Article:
Previous articles in this series examined the factors that are increasing tensions between Iran and the United States. They include political uncertainty in Iraq, economic problems in Iran, and a hardening of the Barack Obama administration’s stance.
These issues, one of these articles suggested, “do not make war imminent or inevitable. But they do suggest that a move to a more uncertain period is occurring, where tensions can rise rapidly – especially if vested interests seek to raise them, perhaps even to the extent of precipitating war.” It concluded that “the early months of 2012 might see more rational engagement, something certainly to be hoped for. But equally they could see a sudden crisis erupt in a way that soon becomes dangerous and even catastrophic.”
A week later, reports of consultation between the US and Israel over potential strikes on Iranian nuclear facilities underline the seriousness of this moment. To repeat: this does not mean that war is imminent, but it does indicate that the balance of danger is tipping in that direction.
A direct challenge
This trend is reinforced by congressional votes in the United States to tighten sanctions on Iran even further. The proposed measures are aimed specifically at damaging Iranian oil-and-gas exports. The exceptional degree of congressional support makes legal consequences probable, though the Obama administration will also undertake a variety of efforts to limit the impact on world oil prices. Among the options are hastening Libya’s re-entry into world markets, encouraging Angola and Saudi Arabia to increase production, and even seeking to increase Iraqi oil exports (difficult though that may be).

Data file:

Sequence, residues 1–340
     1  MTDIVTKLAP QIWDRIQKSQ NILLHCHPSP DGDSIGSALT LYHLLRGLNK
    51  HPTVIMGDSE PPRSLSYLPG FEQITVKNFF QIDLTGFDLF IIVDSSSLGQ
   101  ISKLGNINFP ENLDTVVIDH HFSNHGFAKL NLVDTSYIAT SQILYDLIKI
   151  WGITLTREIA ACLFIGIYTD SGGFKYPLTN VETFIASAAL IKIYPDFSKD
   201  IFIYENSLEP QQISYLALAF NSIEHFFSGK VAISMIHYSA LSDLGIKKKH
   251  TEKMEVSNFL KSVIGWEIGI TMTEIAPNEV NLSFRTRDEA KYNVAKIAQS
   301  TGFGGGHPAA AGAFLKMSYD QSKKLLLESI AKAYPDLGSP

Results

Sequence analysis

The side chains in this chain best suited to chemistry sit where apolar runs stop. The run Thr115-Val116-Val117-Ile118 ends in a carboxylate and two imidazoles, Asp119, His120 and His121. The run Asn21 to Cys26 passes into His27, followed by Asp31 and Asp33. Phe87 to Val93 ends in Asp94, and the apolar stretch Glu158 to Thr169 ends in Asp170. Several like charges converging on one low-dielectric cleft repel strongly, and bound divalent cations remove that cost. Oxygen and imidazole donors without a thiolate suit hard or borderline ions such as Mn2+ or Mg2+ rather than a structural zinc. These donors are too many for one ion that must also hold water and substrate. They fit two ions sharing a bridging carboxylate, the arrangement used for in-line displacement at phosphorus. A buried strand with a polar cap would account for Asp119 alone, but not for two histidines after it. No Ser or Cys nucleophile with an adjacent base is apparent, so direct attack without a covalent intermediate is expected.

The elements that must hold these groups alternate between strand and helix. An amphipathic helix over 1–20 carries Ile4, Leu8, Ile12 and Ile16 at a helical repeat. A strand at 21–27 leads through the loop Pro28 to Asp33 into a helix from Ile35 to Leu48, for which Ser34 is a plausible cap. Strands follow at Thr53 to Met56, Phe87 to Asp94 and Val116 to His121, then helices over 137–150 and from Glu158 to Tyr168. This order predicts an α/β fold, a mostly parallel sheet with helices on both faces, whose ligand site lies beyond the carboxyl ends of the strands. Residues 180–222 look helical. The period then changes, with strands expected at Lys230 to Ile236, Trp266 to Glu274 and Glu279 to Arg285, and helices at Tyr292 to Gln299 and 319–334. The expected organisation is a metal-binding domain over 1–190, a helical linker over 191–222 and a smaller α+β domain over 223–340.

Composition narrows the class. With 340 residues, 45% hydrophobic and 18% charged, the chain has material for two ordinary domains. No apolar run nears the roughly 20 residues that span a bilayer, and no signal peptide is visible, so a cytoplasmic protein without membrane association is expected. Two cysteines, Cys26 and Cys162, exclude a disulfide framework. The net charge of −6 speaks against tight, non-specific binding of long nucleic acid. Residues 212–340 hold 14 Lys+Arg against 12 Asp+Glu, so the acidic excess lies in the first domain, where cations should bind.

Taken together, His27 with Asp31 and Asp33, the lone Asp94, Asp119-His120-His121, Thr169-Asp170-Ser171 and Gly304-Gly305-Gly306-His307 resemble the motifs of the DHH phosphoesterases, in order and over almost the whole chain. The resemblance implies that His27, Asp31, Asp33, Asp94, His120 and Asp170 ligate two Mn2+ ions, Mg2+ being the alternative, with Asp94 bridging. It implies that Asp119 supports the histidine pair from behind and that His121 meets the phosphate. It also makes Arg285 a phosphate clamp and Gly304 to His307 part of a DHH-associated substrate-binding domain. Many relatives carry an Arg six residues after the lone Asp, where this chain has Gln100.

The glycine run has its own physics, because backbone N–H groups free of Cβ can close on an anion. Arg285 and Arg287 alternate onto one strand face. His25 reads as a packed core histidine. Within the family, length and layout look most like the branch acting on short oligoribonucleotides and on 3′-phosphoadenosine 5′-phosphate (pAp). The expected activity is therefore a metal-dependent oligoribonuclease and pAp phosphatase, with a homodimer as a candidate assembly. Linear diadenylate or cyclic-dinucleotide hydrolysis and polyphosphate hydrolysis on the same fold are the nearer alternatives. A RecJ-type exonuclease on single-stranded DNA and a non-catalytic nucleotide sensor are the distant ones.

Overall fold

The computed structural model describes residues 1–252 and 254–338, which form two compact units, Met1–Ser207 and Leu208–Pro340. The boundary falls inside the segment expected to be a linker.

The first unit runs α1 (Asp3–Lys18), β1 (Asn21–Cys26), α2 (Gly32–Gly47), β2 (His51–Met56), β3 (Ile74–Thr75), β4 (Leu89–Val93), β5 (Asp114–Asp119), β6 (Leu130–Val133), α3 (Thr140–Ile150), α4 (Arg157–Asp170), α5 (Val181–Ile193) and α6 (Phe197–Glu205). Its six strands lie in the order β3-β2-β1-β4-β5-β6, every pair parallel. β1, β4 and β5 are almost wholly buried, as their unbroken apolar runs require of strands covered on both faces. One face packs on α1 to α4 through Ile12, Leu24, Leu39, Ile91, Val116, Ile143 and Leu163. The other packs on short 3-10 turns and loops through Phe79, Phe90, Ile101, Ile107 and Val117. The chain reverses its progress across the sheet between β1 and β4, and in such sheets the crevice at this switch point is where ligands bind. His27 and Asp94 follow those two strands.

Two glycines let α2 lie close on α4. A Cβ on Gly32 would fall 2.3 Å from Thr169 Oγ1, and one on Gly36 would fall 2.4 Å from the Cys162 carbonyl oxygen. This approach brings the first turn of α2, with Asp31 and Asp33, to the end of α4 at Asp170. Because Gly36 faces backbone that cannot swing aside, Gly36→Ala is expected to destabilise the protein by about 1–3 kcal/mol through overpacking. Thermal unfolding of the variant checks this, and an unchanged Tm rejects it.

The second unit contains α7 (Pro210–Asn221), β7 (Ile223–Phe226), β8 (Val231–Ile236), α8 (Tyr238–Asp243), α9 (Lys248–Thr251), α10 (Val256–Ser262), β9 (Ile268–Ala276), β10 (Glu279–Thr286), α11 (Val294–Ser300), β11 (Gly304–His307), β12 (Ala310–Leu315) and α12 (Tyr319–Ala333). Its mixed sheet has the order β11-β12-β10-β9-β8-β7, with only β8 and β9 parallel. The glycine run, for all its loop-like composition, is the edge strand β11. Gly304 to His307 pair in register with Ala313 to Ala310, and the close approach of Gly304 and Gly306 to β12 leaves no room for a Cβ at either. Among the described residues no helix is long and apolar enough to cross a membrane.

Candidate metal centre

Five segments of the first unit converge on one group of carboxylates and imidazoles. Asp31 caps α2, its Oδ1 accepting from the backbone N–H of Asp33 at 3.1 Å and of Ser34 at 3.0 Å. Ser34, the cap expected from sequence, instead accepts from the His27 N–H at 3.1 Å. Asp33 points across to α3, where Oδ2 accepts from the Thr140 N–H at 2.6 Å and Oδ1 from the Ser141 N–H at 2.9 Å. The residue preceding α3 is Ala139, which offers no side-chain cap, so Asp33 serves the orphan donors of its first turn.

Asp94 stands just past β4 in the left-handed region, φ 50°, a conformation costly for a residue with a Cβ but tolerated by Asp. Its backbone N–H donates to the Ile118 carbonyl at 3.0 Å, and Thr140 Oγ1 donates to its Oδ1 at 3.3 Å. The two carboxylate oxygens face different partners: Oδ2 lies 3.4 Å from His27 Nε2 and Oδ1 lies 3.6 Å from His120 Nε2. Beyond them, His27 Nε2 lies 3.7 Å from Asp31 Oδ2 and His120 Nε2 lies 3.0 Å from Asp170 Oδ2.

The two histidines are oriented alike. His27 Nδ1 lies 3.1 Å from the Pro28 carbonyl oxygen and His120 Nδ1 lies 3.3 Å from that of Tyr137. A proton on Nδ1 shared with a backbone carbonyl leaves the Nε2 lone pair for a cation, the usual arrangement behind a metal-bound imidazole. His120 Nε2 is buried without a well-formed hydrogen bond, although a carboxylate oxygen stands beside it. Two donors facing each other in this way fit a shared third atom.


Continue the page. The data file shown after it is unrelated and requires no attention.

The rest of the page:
The Iranian economy is crucially dependent on oil-and-gas export revenues, so Tehran is understandably very concerned about the prospect of seeing its sphere of economic activity further restricted – even if it takes comfort from knowing that China, its largest customer, will not participate in the new sanctions regime. Yet it sees the US move as a direct challenge, and the threats to close the crowded waters of the Straits of Hormuz can be seen as part of Iran’s retort.
Iran’s wider contribution to the current escalation includes the launch on 24 December of naval exercises around the Straits and into the Gulf of Oman, designed to last ten days; these include mine-laying, which would be central to any action aimed at disrupting shipping. Inevitably, the US has responded by making it clear that it would take determined action to keep the Straits open. The rhetoric may stay just that, though it raises the question of whether Iran is capable of closing the Straits and thereby blocking much of the world’s most important oil-supply route.
A deficit and three assets
In practice, Iran’s military outlook is unfavourable. Its navy may have a mine-laying capacity, but with just a handful of frigates, submarines and support-vessels is the smallest of the country’s three regular military forces. Its air force is larger, but the great majority of its aircraft are obsolete and many are unserviceable.